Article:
There is little we can do about western prejudices and tian forbid we should change their worldview. Petra Kamarudin will be Petra Kamarudin, a Form Five dropout, illiterate, part time selling nasi lemak, full time on propaganda for Najib Razak (and doing it crassly with no finesse). 狗嘴里吐不出象牙 No ivory ever comes out of a dog’s mouth.

What we can do are little things — on our side — such as with changing the English name of the 宣传部 xuanchuan bu to the Information Department. What else we can do is what our forefathers have asked of us. Recall Laozi (Stephen Mitchell translation):

That which shrinks
Must first expand.
That which fails
Must first be strong.
That which is cast down
Must first be raised.

Better yet, consider this:

At rest is easy to hold. Not yet impossible is easy to plan. Brittle is easy to break. Fine is easy to scatter.

Umno, the Malays with it, is so brittle that it is, therefore, easy to scatter. You don’t have to lift a finger to produce that outcome. This Malay weakness, of Umno, is deeply inherent, and you don’t have to look far to see why. Petra Kamarudin is prime example: mother is white and Welsh, sells nasi lemak, carries a dagger to ceramahs, works for PAS, takes money from Umno, prays to an Arab god named Allah, writes in English, argues in biblical, Anglophile terms, married to a Chinese, titles himself a Raja ‘prince’, lives in Manchester, yet calls himself a bumi and Malay — son of Tanah Melayu soil. I wager you, Robert Kuok, to find a Malay more twisted.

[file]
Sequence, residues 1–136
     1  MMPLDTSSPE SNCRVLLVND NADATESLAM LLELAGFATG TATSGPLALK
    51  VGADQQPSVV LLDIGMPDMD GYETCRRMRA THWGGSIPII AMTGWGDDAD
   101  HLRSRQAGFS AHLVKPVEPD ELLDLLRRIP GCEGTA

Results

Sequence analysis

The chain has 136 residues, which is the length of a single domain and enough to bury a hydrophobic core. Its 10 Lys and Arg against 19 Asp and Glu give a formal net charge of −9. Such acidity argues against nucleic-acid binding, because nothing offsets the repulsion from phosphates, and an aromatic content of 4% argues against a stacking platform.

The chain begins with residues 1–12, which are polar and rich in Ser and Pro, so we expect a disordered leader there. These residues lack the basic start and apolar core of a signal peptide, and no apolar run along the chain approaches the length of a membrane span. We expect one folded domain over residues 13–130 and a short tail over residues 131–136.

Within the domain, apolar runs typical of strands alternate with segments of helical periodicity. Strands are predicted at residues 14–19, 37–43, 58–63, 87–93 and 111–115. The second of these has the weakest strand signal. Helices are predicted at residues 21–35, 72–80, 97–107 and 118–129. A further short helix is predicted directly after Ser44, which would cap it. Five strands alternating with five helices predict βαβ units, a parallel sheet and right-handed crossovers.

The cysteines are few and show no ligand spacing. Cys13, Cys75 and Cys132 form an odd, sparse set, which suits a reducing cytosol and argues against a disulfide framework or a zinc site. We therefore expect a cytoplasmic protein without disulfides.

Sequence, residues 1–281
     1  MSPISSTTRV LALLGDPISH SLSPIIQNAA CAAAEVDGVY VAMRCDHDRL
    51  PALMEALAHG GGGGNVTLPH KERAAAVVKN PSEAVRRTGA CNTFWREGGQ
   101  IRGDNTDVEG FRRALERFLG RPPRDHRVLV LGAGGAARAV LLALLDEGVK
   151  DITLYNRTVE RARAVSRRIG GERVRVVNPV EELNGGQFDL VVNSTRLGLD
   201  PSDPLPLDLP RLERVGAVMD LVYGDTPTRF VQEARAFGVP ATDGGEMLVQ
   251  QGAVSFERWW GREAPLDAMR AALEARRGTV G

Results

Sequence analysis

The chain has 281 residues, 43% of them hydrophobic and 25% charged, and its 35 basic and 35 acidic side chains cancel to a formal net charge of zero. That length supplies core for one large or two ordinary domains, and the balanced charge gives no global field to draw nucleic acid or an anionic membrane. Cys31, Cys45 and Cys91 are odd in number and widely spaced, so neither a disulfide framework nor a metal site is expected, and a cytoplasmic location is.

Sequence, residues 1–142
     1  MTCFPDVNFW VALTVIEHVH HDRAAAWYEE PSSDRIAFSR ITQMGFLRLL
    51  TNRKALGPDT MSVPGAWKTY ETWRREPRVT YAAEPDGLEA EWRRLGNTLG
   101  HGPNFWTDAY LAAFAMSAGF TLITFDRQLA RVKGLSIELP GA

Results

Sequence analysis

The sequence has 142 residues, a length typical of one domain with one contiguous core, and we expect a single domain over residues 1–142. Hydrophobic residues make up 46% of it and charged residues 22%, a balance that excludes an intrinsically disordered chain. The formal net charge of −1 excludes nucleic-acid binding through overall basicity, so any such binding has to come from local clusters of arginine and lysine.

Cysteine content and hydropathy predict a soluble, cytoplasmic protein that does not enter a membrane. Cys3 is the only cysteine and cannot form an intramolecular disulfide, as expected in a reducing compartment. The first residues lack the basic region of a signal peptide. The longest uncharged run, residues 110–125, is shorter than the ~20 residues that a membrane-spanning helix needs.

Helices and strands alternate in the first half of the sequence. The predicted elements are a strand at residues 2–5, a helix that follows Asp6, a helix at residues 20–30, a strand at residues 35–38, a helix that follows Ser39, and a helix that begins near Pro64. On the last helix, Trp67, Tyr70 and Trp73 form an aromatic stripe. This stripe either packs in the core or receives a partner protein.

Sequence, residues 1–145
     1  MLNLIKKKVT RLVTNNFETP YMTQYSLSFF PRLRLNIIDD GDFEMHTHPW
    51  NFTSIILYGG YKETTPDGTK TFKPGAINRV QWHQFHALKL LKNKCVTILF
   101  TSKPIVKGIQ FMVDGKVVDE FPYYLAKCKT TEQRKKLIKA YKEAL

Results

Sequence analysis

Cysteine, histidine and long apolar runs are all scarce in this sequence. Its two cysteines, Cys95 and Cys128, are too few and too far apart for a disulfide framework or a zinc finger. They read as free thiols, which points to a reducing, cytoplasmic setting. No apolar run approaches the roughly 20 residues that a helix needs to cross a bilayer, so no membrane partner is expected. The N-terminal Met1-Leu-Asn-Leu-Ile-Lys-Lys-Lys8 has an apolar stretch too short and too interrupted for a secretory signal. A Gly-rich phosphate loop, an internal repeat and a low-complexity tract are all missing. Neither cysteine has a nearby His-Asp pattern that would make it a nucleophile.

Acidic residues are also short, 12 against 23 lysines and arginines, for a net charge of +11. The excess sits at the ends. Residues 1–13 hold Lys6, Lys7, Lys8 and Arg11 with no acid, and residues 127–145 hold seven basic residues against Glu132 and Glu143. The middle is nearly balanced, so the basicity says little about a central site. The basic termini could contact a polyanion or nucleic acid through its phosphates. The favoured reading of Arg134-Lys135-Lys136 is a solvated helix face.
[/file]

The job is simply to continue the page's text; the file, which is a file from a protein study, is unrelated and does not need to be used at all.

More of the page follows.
Petra’s assumption in this, farting aloud (to say he wrote the article is saying it nicely because how does an imbecile know what’s writing, a most noble of many human endeavors?) that you have a target in Umno by supporting the DAP rests on two further premises. Assumptions resting on more assumptions: